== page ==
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Opinion: Why Toys 'R' Us Wants Parents To Buy Into Skylanders

Gamasutra's Frank Cifaldi examines Toys "R" Us' Hot Toy List to find out why Activision's Skylanders was the only video game on the list, and revisits past lists featuring game products like the Dreamcast and Wii.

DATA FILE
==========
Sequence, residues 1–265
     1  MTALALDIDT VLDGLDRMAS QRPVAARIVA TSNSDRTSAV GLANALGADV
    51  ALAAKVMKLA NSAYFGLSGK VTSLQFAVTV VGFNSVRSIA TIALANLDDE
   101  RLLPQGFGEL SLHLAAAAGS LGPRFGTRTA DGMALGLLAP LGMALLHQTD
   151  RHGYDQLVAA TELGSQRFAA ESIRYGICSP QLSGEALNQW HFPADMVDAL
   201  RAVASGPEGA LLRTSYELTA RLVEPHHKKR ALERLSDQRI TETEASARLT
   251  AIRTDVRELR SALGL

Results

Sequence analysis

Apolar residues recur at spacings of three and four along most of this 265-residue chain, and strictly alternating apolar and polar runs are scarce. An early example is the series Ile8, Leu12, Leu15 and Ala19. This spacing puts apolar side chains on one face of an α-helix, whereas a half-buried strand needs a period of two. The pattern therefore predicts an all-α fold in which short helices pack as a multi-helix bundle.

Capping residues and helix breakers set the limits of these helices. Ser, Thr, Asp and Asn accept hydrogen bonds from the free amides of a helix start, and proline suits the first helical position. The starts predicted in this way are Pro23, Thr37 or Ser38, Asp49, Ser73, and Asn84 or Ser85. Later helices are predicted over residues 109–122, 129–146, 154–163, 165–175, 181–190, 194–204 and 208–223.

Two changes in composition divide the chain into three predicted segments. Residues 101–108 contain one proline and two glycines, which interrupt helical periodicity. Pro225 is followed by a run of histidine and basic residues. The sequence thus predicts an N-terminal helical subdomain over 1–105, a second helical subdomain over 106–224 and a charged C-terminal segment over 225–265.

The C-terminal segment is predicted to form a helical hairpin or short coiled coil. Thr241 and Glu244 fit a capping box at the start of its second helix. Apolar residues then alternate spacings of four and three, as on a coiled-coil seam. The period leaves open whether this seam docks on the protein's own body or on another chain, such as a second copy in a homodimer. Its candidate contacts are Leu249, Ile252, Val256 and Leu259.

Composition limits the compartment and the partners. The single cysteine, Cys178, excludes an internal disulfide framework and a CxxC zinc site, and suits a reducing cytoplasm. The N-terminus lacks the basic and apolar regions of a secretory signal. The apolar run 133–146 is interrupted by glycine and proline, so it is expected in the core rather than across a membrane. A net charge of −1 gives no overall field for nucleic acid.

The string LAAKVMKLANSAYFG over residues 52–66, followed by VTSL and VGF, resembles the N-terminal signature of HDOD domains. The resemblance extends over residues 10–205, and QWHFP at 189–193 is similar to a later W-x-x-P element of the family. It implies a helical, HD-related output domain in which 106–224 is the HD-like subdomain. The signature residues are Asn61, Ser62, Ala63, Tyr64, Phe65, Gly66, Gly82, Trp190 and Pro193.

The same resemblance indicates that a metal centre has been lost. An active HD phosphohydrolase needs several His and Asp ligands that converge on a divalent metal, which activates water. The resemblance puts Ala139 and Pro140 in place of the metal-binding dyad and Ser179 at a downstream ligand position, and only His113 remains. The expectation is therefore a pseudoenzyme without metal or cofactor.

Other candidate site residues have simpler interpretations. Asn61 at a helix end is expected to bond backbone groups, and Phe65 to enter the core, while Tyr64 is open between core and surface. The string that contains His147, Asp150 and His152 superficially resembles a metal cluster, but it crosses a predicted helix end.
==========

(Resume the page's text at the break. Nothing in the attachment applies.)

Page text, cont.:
[Gamasutra news editor Frank Cifaldi looks to the latest "Hot Toy List" from Toys "R" Us to examine why Activision's Skylanders was the only video game on the list, and revisits past lists that featured game products like the Dreamcast and Wii.] A public relations company representing Activision emailed Gamasutra recently to let us know that the upcoming Skylanders: Spyro's Adventure was the one and only video game to make the cut on retailer Toys "R" Us' coveted Hot Toy List for 2011. The game is a Spyro the Dragon reboot that sees players buying separate action figures to digitally scan into the online game (sorry, "inter-action figures," as Activision Publishing CEO Eric Hirshberg likes to call them), so physical retail is kept in the revenue loop, despite Skylanders being an online game. The Hot Toy List, which is heavily advertised by Toys "R" Us, is meant to be something of a cheat sheet for parents. As the company claims, it has spent most of the year "identifying the most exciting new items from around the world that are sure to WOW kids on Christmas morning." The inclusion of Skylanders should come as no surprise to anyone following the industry, considering that Activision and Toys "R" Us are, in fact, jointly marketing the game and its inter-action figures globally. Skylanders is not quite a Toys "R" Us exclusive product (like the dancing robots and remote-controlled flying fish that also, somehow, made the cut), but the company has a vested interest in its success beyond any other games on its shelves this holiday. Sneaky? Maybe. Incestuous? Yeah, a little, but the toy industry is used to it. Besides, I've got nothing against the game. It's being developed by Toys for Bob, and they made Star Control! I haven't had a chance to play it yet -- the curse of the freelance video game journalist is a sad inability to find time to actually play anything at E3 -- but impressions seem favorable, it has a script written by the Toy Story guys, and it somehow has cross-platform play across all three home consoles, the 3DS, the PC, the web, and smartphones, which is pretty damned impressive. The fact that it is the only game to make the list got me curious about the past, so I started digging. Ask Toys "R" Us directly like I did and they'll tell you that they've only been creating these lists since 2006 (or specifically, 2006 is the first year that such a list was developed "leveraging global resources," whatever that actually means). I wasn't satisfied with that, so I did my own independent research, and managed to get all the way back to 1999 before hitting a dead end. As it turns out, having only one game make the cut -- if that -- is completely normal. In fact, the most games to ever be included is two, and that only happened twice in 12 years! Seeing as how nostalgia is on the Gamasutra Hot Topic List for 2011, and since I had dug up all these old press releases anyway, I thought it would be fun to take a look back at the video games Toys "R" us chose to promote every year since the list's inception. Note that we're not including educational game systems like those from VTech and LeapFrog: not only would both companies dominate the list, but Activision's PR rep conveniently ignored them both when sending us his note, so we're going to do the same. Apologies to the hard-working developers making software for either company! 1999 (as "Hotter Than Hot" list) 1999 was the year of Pokemon in the toy industry, but not because of any video games -- Pokemon Silver and Gold wouldn't come out here until the following year. No, instead it was the massively popular card game that gave the toy industry a boost that year. Only one video game item made the cut that year: Sega's Dreamcast system. "It's the fastest, most powerful video game system ever created," the company said. "Experience living worlds of incredible depth, play against online opponents and much more! Ages 6-up." 2000 (as "Hot Picks") With Poke-mania still in effect, it was Nintendo's Pokemon Gold and Silver for the Game Boy Color that got Toys "R" Us buzzing, calling the game "the newest chapter in Pokemon fun!" and inviting players to "catch all the fantastic characters and their exciting, new adventures!" Even bigger, though, was Sony's PlayStation 2 system, which the company included on its list despite supply problems so severe that the company was forced to put out a press release in October announcing that it would only be able to fulfill its preorders for the rest of the year, and would have no extra consoles to sell. 2001 (as "Hot Toy Picks") This year the company went bundle crazy, choosing to highlight all three then-new consoles: the Xbox, Gamecube and PlayStation 2 -- as well as Nintendo's Game Boy Advance in its listing. Margins are really low for retailers on consoles, so the company pushed bundles, marking up the prices by including games and cheap, high-margin accessories. It's a common practice even today, but in 2001 it was a big push for the company, and brought the price of a $299.99 PlayStation 2 as high as $499.99. An informative press release told journalists that with the Xbox, which premiered that November, "The pretty game software is enhanced by the Xbox's built-in hardware." 2002 (as "Hot Picks") Two games were highlighted this year, from longtime partners Electronic Arts and Nintendo. With NBA Live 2003 for the PS2, the company promised that with "advanced facial animations and graphics, players will be walkin' the walk and talkin' the talk." Also pushed that year was Super Mario Sunshine for Nintendo's Gamecube. 2003 Allowing you to "truly be the star of the game" was Sony's EyeToy accessory for the PlayStation 2, a webcam accessory that spawned way more games than I remember. Also hot that year was Nintendo's Game Boy Advance SP, which addressed the frustrations many had with the original model by including a front-lit screen. 2004 (as "Joy List") The only game software recommended that year was Microsoft's Halo 2 for the original Xbox, which made the cut despite its Mature rating that technically made it unsuitable for every target market on the list. Though they're not games, Majesco's new line of 12 Game Boy Advance Videos -- which let kids watch 45 minutes of their favorite cartoons on the go -- were spotlighted by the company. Those of us who still buy the occasional GBA game have trained our eyes to filter the stacks and stacks of these out as we look for goodies. Also featured was Jakks Pacific's extremely popular Ms. Pac-Man plug-and-play system, an all-in-one joystick that plugged directly into the television and also featured Galaga, Pole Position, Xevious and Mappy. Interestingly, Nintendo's brand new DS portable was not included that year. 2005 Two games and two portable consoles were the highlights in 2005. Nintendo's Nintendogs and its GBA Micro console were both highlighted. The latter is interesting, as it means that all three iterations of the Game Boy Advance were recommended by the company, whereas both the original Nintendo DS and the DS Lite did not make the cut. EA's Need for Speed: Most Wanted was also recommended, as was Sony's new PSP system 2006 Nintendo's Wii system was the only video game item recommended that year, despite Sony's PlayStation 3 coming out around the same time. Perhaps it was the high price tag that kept the company from spotlighting it. 2007 Establishing a relationship that would come to pay off in 2011, it was Activision's Guitar Hero III: Legends of Rock that got Toys "R" Us excited in 2007. As with Skylanders, it was the only game to make the list that year. 2008 I'm not sure what kids were clamoring for Wii Fit in 2008, but they should consider saving up now for their therapy bills. Body image issues don't easily go away. Possibly more exciting was LucasArts' Star Wars: The Force Unleashed. 2009 Nintendo was highlighted in 2009, with both Wii Sports Resort and its DSi console making the cut. 2010 With the Wii's motion controls all the rage, Toys "R" Us spent last year pushing motion controls for its HD competitors, namely Kinect for the Xbox 360 and PlayStation Move for the PS3.